AWP Trek Part 5: Morning out of Montana

Almost everyone in my car has two seats to themselves, and while this might not be ideal for Amtrak’s bottom line, it’s the closest to paradise I’ll come for 39 long hours. Instead of an intimate co-sleeping arrangement with a massive gentlemen en route to North Dakota’s pipelines, I’ve made a sloppy nest of laptop playing Wes Anderson’s entire movie cannon, plastic bag pillow, jar of olives, journals, glasses, hair tie. If the olives are producing a noxious odor, I’m beyond detecting it; there’s too much competition between liquor, exposed feet, and the steady fart trumpets from people all around me. The jar of the lid captures the scent, or so I tell myself, while realizing that I was destined for train travel, with just the right amount of clueless to time the opening of the jar and the loud fork olive extraction and the messy crinkle-crinkle of my plastic bag pillow to keep rhythm with the person sneezing behind me. We are a factory of sleep disruption, and our song goes: sneeze, crinkle, fwop, tinkle tinkle, cough, click, thunk, crinkle. If the entire car hates us with the heat of a thousand suns, we earned it.

Not that we’re the only pair of dedicated sleep disruption artists. That would be disqualifying the man watching a shoot-em-up action film, speakers blaring. It’s like I’m there, in the casino, angry at Al Pacino. After the conductor comes through and kindly points out the error of his ways, the man says, “Oh, I didn’t know anyone else could hear.” It’s then that I notice the dangling cord, and consider that in this headspace, it’s just as likely that his headset had always been plugged in and the rest of us developed supernatural hearing.

The rest of the train ride is a blur. Memories include excitement bordering on hysteria at being awake for the 6:30am breakfast crowd, which was me and three other people stuffed into a single table by someone whose been angry since 1976. Everyone else was freshly hatched from the comforts of their sleeping cars, including the elderly couple arranged across from me and the surly fellow to my right. He explained that he was accused of theft the previous day when he was trying to purchase a sleeping car, and I was never able to make heads or tails of the misunderstanding, though there was nothing he said that sounded untrue. I’m also a sort to be accused of strange things when in the company of people who brag about being normal and can never consider the shifty-eyed disposition might emerge from someone with perfectly clean hair and filed fingernails…so I get it. Still, I can feel his disdain for me developing with every sentence that leaves my mouth, relating my route to a writers’ conference, the joys and perils of traveling alone. Whatever, I probably sound like someone trying too hard to escape semi-colon existence for an exclamation mark inspired life, but it’s 6:30am. His posture and sideways glances communicate what I’m used to hearing from a certain type, notions that I’m this “little girl” one wide-eyed moment away from an axe murder. The usual underestimation of my own tiny knives. I’ve found that the men most likely to assume this about me have never actually been in an urban environment, and underestimate the value of intelligence in navigating strange spots in favor of pure brawn. The ability to talk another person down or fake a level ten crazy is just as useful as going toe to toe. This is not a conversation we have, but the post script of my head that happens when my computer is in front of me again.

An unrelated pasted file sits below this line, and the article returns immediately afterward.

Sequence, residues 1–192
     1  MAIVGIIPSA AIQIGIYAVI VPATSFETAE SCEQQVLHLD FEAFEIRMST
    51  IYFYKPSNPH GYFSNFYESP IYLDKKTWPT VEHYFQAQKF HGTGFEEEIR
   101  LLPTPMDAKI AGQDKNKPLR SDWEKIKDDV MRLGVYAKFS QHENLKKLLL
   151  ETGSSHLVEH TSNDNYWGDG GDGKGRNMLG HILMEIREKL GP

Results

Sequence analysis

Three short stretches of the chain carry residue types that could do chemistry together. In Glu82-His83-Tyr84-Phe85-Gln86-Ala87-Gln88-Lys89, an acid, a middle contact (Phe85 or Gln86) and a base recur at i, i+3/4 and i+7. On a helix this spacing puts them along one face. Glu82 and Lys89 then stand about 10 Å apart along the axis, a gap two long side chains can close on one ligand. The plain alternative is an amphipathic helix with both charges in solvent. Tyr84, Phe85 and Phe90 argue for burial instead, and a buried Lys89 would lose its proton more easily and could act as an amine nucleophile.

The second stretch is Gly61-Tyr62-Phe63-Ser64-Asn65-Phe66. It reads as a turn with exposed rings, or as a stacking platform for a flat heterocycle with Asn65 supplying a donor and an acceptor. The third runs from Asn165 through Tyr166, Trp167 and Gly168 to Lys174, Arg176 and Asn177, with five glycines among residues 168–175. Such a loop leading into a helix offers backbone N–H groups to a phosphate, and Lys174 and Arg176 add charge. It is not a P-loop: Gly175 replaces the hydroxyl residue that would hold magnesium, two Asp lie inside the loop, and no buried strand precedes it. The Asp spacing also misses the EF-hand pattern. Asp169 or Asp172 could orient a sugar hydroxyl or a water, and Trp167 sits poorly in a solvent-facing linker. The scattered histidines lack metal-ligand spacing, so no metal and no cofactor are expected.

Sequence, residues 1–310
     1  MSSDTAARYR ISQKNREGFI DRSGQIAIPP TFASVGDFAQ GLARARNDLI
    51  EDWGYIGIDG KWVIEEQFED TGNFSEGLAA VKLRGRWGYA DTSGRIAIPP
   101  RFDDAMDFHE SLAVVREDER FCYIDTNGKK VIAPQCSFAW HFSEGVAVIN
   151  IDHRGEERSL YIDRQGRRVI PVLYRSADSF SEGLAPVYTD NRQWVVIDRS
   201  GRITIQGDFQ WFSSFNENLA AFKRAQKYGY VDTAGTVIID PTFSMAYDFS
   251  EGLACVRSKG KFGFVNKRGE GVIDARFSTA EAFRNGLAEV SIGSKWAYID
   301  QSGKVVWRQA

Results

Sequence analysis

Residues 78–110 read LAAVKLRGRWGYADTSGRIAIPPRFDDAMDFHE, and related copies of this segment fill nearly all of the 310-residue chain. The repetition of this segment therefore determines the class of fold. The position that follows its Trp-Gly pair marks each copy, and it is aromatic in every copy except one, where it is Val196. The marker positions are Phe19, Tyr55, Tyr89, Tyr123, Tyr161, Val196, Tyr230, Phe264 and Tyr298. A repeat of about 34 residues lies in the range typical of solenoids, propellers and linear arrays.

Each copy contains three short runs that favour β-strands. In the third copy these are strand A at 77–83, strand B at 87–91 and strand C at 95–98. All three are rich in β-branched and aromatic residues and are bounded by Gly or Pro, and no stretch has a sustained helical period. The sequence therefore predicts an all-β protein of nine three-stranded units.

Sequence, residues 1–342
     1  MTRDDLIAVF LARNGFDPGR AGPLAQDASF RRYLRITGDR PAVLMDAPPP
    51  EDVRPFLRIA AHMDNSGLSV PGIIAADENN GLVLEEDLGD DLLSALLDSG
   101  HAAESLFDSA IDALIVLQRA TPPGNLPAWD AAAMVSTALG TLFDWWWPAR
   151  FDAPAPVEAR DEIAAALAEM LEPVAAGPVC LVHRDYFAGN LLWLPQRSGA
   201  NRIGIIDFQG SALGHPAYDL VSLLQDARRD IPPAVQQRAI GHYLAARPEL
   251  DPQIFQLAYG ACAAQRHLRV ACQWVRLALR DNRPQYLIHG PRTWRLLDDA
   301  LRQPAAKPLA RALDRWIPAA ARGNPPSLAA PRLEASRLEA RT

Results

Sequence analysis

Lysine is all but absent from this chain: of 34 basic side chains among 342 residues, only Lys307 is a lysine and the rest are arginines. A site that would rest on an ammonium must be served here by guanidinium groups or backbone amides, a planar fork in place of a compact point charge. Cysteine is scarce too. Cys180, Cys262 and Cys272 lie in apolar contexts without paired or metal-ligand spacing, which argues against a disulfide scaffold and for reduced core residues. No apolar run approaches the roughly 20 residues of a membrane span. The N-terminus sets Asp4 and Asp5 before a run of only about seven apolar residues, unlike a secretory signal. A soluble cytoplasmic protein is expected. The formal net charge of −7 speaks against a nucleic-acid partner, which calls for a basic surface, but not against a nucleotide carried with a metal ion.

The actual conversation is me guessing one part of the pair was once a teacher, based on the steady expression she maintained through the scenery and conversation loop, learning her husband had been raised on farm work and was once a machinist, daydreaming about their lives, their children, and the amazing scenery likely offered through their daily drives. It was the sort of conversation that happens on trains, a combination of detail and restraint, confession and pause. This, alongside the admission that we’ll all leave the train swearing it’s our last time on a train, because it’s slow and hard on the body, all the while knowing we will definitely be on a train again, awkwardly arranged in coach seats. No matter the discomforts,¬†it seems criminal to just fly over Montana like it doesn’t mean to be there, like those mountains and rivers aren’t something to see. If I could take the whole thing by swingset I would, but until that feat of science, there’s Amtrak.

The breakfast itself is terrible, wads of reheated eggs looking exhausted on a plate that somehow came to $20. The sun revealing green all around us was everything.

Amtrak PDX to MSP Part 4: No sleep

This is how you know you’re in coach on Amtrak: all the neatly closed and coordinated luggage has been properly stowed in sleeping cars. Coach is not a place of matching sets in modern colors, hard-shelled and adorned with stickers announcing far away cities that might not really exist. We are a tribe of borrowers and Goodwill shoppers, garbage bag packers and shopping bag haulers. There is no one in coach in expensive jeans, no skateboards covered in sponsor labels velcro’d to a brand name backpack. It’s men who shoved their personal possessions in a camping backpack and a bottle into a front pocket for slow sipping at each announced delay. It’s women with so many children they haven’t known a private shower or a hairstyle more complicated than a ponytail in years. It’s people who walk on in pajamas and stay that way, and confuse the courtesy of the kind chap selling coffee for friendship; a friendship that is revoked the moment his lunch break lasts a little too long and all the addicts tighten their line formation and bristle. Coffee. This is about coffee. And beer. Definitely beer. It’s people who are accused of things by other people, people who are a bit more tired at 30 than average, it’s people who Know Better Than You about so many things, if you wouldn’t only take the time to listen.